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Monday, July 14, 2008

On Something to Think About & Act On

After pondering on the items brought to me which I blogged earlier, here are some thoughts.

1. It is very important that organizations have a Manual of Operations. Surely the organization that has none to use and follow will be at the mercy of its officers who may not have training, or may simply be neglectful. Election and position can sometimes carry with it something that can drown one's efficiency, especially if one entertains such popularity and forgets the responsibility such an honor bestowed carries in the authority. Hence, I believe that the Board or Officers may need to establish a certain standard operating procedure such that outgoing officers must, within one month after the election, turn over power and authority to the newly elected officer/s. In fact, every term that is about to end must prepare a month before election an evaluation, and turnover mechanism such that one need not cling to power and authority beyond one's term.

2. In the case when a former officer withdraws money belonging to his/her term, i.e., raised or earned during the term of such officer/s, what the current Board or Officers can do is to write a memorandum to ALL, not simply the one past leader, PREVIOUS PRESIDENTS and/or TREASURER/S to do such turnover, and to make sure that no bouncing checks are issued. Those who don't abide may be culpable for insubordination and disrespect. Using the money of the organization appears to be estafa in nature. The practice of auditing the organization's funds is thus a awise move to ensure that all actions of the officers are checked and supervised.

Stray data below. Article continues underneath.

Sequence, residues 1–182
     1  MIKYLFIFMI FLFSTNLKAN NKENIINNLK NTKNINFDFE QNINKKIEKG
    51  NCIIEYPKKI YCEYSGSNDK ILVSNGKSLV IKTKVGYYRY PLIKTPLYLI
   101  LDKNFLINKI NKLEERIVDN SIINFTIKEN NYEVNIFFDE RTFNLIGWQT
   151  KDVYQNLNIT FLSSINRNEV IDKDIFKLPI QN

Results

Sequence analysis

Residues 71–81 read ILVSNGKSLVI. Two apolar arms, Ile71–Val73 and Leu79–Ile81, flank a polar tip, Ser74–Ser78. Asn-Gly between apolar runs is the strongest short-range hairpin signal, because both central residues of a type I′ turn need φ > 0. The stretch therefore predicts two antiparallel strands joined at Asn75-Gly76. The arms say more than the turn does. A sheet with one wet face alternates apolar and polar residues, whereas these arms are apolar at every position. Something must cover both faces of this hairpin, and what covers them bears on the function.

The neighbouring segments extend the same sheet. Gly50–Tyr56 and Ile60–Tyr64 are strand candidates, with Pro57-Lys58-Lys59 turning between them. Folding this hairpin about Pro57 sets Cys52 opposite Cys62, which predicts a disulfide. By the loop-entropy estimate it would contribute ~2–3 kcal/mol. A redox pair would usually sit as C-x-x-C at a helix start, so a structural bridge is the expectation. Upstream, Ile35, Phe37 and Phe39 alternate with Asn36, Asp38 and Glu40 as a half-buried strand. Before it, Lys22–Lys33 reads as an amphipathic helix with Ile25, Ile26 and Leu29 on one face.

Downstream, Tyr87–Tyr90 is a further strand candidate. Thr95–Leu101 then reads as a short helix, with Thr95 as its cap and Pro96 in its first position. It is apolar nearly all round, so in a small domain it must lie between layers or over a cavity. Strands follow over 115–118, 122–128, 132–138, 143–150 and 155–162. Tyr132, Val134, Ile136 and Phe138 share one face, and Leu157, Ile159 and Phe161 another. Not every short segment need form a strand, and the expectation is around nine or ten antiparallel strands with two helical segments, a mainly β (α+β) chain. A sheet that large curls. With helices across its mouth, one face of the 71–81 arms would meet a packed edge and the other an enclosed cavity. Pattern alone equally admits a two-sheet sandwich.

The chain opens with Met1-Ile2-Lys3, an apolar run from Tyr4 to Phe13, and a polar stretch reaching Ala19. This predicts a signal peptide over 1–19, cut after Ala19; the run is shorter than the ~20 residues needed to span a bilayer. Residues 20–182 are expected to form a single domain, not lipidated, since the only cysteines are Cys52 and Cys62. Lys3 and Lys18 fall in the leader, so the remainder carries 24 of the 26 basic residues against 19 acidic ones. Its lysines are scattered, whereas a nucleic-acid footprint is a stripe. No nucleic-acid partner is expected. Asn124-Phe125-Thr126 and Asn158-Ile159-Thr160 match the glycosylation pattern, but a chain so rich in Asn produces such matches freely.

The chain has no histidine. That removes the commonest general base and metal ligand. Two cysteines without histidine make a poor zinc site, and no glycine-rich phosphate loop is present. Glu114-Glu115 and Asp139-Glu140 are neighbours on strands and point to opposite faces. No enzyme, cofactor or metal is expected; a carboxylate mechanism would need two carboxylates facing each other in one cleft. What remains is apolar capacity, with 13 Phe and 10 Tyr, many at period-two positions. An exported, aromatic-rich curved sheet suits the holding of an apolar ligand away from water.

3. The SEC needs to be provided the papers and documents of the organization's proceedings. These are included in the annual reportorial protocols. Since we pay this government institution, giving them a copy of all financial transactions, board resolutions, membership lists and other updates serves the organization some good since they can always rest assured that even if they may lose their own papers, the SEC may have such proceedings' records. Otherwise, it may be best to really ensure the filing system of the organization for easy access.

4. The case may happen when (an) officer/s neglect their duties, or even act inimically against the organization, such as syphoning of funds to one's or dummy accounts, or failing to submit reportorial requirements to the SEC. Worse would be to deliberately lose organizational papers the retrieval of which will keep the organization from functioning accordingly. It is very essential then that leaders keep the members abreast of what's happening with the organization. Members, when informed properly can be a potent force in the organization's life. It is they who elect their officers, and when the real status of the organization is known well to them, one can be assured the organization's life and improvements. Documents are thus to be protected well, which the SEC may be of help. I will clarify this with the SEC if my idea is right.

It can really be saddening to note how our previous officers may not have done what they should have for the good of the paying participant. Leaders can sometimes fight among themselves and keep the organization from really flourishing. Hence, it is important to always think of the welfare of the many than the interests of the few whose terms of office may have lapsed. Their acts while on power will thus be judged after their tenure.

In the meantime, members need to be vigilant lest they become milking cows of the officers. I would not want to become a cow.